cfaed Seminar Series

cfaed Seminar Series

Dr. Alexander Eisfeld , Max-Planck-Institute for the Physics of Complex Systems

Energy transfer and optical properties of light harvesting aggregates

30.06.2016 (Thursday) Seminar Room 115 (HAL) , Hallwachsstr. 3 , 01162 Dresden

Assemblies of weakly interacting molecules (so-called molecular
aggregates) have become remarkably versatile quantum systems with
applications in photography, opto-electronics, solar cells, and photobiology.
The remarkable properties of these aggregates stem from the
strong transition dipole-dipole interaction between the individual
molecules which leads to eigenstates with excitation shared coherently
by a large number of molecules. As a consequence, electronic excitation
can migrate through the aggregate and new superradiant optical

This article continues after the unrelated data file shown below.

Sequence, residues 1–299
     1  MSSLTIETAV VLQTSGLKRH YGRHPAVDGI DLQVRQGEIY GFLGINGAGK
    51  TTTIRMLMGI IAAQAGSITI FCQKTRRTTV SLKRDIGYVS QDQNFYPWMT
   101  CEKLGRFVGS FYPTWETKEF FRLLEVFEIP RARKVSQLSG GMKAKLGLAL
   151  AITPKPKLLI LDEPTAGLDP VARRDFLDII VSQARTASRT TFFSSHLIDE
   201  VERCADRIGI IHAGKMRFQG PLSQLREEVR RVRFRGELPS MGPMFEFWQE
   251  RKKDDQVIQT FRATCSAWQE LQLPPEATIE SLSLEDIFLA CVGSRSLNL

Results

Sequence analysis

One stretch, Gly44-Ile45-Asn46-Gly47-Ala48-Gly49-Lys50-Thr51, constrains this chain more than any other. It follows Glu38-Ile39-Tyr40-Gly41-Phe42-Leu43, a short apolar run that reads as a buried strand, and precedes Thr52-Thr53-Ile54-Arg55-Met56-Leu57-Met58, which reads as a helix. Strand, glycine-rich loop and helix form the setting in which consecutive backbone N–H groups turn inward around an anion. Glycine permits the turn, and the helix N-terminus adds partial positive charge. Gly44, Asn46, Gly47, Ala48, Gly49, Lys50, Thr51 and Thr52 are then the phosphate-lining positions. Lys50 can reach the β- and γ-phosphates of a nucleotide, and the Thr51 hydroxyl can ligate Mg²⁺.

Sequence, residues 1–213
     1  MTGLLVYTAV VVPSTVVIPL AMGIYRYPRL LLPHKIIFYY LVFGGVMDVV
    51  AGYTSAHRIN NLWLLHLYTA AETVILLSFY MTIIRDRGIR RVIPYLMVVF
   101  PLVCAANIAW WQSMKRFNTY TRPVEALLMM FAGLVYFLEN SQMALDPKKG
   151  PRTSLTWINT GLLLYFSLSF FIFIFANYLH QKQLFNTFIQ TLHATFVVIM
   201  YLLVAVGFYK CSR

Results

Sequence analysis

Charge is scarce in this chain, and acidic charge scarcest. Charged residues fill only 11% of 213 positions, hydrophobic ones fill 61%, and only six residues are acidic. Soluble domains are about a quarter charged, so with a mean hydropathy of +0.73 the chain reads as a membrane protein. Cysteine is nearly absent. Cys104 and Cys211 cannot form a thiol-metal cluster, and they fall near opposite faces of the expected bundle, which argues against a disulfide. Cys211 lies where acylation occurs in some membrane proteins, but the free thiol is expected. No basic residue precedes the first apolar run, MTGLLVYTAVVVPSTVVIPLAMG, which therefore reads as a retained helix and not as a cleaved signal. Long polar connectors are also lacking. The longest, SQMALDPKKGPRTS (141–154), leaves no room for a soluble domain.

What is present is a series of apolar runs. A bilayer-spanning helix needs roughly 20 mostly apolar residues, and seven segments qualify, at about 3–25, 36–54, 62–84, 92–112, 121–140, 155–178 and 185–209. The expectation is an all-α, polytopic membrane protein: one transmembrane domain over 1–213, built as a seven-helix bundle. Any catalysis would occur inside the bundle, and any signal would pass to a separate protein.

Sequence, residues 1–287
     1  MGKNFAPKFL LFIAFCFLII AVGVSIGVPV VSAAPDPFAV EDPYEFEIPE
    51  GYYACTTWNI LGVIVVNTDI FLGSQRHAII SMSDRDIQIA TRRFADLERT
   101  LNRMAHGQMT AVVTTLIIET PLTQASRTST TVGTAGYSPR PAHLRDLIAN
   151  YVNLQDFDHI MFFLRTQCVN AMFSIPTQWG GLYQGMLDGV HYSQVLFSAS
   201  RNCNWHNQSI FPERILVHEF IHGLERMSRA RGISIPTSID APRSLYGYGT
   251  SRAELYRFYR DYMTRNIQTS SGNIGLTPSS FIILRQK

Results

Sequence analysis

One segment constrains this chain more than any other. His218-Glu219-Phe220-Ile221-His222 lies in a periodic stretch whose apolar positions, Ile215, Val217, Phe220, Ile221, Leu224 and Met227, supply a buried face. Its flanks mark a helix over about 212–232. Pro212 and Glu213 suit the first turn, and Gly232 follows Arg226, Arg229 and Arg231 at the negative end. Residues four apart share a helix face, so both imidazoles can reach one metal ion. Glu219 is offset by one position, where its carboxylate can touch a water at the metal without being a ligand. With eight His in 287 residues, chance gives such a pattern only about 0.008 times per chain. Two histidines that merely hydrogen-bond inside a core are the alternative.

properties emerge.

In this talk I will give an introduction on the relationship between the
structure of the aggregate (spatial arrangement, molecular properties,
environment) and the resulting optical and transfer properties with a
focus on the the important role of coupling to vibrational modes. As
examples I will discuss superradiant emission of molecules on dielectric
surfaces and energy transfer in biological light harvesting systems.


A. Eisfeld received his PhD (physics) in 2006 from the university of
Freiburg (group of J.S. Briggs). After postdoc positions in Freiburg,
MPIPKS Dresden and Harvard (DFG research fellowship) he is now group
leader at the MPIPKS (since 2012).
His main research interests are collective effects and quantum-transport
in atomic, molecular and nano-scale many-body systems. Examples are
photosynthetic light-harvesting systems, aggregates of organic dyes or
assemblies of ultra-cold Rydberg atoms. To handle these large and
complex systems often multi-scale approaches are used which combine
molecular dynamics simulations, quantum chemistry methods, nonadiabatic
quantum dynamics and open quantum system formalisms.
One particular research interest is solving non-Markovian open quantum
system dynamics using efficient stochastic Schrödinger equations.

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